If I know anything in this world it’s that Niecy Nash is one of the baaadest Black women on the planet.
She’s a versatile actress who can give you comedy with the best of them like she did on Reno 911 and can flex her dramatic chops and bring you to tears like she did in Ava DuVernay’s When They See Us. And if you want both, she can do that too. Just watch any episode of TNT’s Claws.
Nash is beautiful, relatable AF and has one of the most snatched waists I’ve seen in Hollywood. She is the most coveted prize, a gift and a beautiful Black woman who is worthy of the love and happiness in this world.
So imagine my surprise, when I read an article on xenecole.com that said that during the Essence Black Women in Hollywood Luncheon the three-time Emmy nominee bravely admitted that when she divorced her second husband her family told her she better hold on to him at all costs. Why? Because despite everything Nash has going for her, she wasn’t anything without that “good man.”
“When I owned we were better friends than life partners, my family was quick to say, ‘But you all look so good together.’ And, ‘Well, if the man ain’t beating you, what you leaving for?’ The one that made me laugh the most was an ode to him being attractive. [They said,] ‘Well, you never had to put a sack on his head to sleep with him.'”
“And I replied, ‘What about my happiness?’ The untethering from my family’s beliefs, the internet’s expectations and my marriage ending caused me so much pain. Pain is putting things in a necessary order. You’ve got to acknowledge how you feel. Trust that it is so much easier to walk in your shoes than it is run towards a lie.”
She went on to say that her making the choice for herself to walk away was also about breaking the generational curse that so many Black women are under.
“There was a huge myth I inherited from the women in my family which is, ‘You are nothing without a man. Get one and keep one no matter what.’ This long line of women that I come from had never been taught what choosing yourself looks like.”
In the end, she told the crowd that by choosing herself and living in her truth, she is better for it and is setting a strong example for her daughter.
“You’ve got to own the part you play. I encourage you to walk in your truth, live your trauma and live your best damn life. I am the most grateful because I now know myself much better than before. I let my daughters watch me walk through the whole thing. Because I want them to get up every single day and choose themselves. I realize I did right when my daughter said to me, ‘I am so proud of you, and I want to be just like you when I grow up.’ [My] generational curse is broken!”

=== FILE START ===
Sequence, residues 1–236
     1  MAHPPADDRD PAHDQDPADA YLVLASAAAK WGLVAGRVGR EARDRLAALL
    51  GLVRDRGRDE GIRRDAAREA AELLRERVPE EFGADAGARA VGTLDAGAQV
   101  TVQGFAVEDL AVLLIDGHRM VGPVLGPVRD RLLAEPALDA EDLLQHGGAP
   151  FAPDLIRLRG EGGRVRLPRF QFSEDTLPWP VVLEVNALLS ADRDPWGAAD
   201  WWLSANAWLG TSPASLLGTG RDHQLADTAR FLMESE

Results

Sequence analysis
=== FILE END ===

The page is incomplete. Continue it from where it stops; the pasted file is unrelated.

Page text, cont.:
Listen…I’m not going to lie, reading her words gave me chills, because we can all relate. This isn’t just about Niecy’s experiences.
While, I’m lucky that my parents don’t necessarily subscribe to this idea that because I’m single, I am less than, that doesn’t mean others around me don’t. I think to all the cookouts, family gatherings and just even conversations with other Black women, especially older ones, where my accomplishments—award-winning journalist and filmmaker, Ivy League Master’s Degree and overall happiness—don’t really matter because I am unmarried and God forbid, childless. Even worse, I have been made to feel horrible about myself because I am ambitious, don’t believe in being submissive to a man (I prefer a true partnership where we both lead side by side) and am an independent person, I chase away and turn off “good Black kings.”
I’d rather choose a life where I’m an equal and if I don’t have that, I can’t be happy. So I choose me…and if that means being alone, so be it.
For some that may sound harsh, but I have spent way too much time watching other Black women fall into that same generational curse Niecy was talking about, doing anything and accepting anything to keep that man. The years of exhaustion, catering, coddling, shrinking themselves and the utter unhappiness of being a ride or die, sticking it out, only to be disrespected and later blamed for why that man acts that way.
“If he cheating there’s something you ain’t doing.”
Honestly, this can’t be worth companionship, can it?
Be clear: This isn’t to say that love doesn’t matter because it does. IT REALLY DOES. We’re human. We need love, touch, conversation, intimacy and sex in our lives. We just do. But why is it that when it comes to Black women, we’re told to not have standards, to stick it out to make him a better man or to not have the power to make the best choices for ourselves?
Just look at how bad Ciara’s name had been dragged in the mud for refusing to accept the mess that her ex-fiance and father of her first child Future put her through. She chose herself and her child and look at the divine love that choice brought into her life down the road. But there are still people out there mad at her, for doing what they hate to see: A Black woman being free.
That’s what this is about, being free and having the power to make your own choices. Free to love who we want; refuse what and who we want to, whether they don’t beat us or do, or cheat on us or not. Most importantly, this is about being free and aware enough to reject these tired old sexist ideas that have plagued our mamas and grannies’ relationships. As Black women, we are something, with or without a man, and Niecy’s bravery has shown us that not only is it time to break free from these chains but that it’s possible.
Hopefully, we’re paying attention.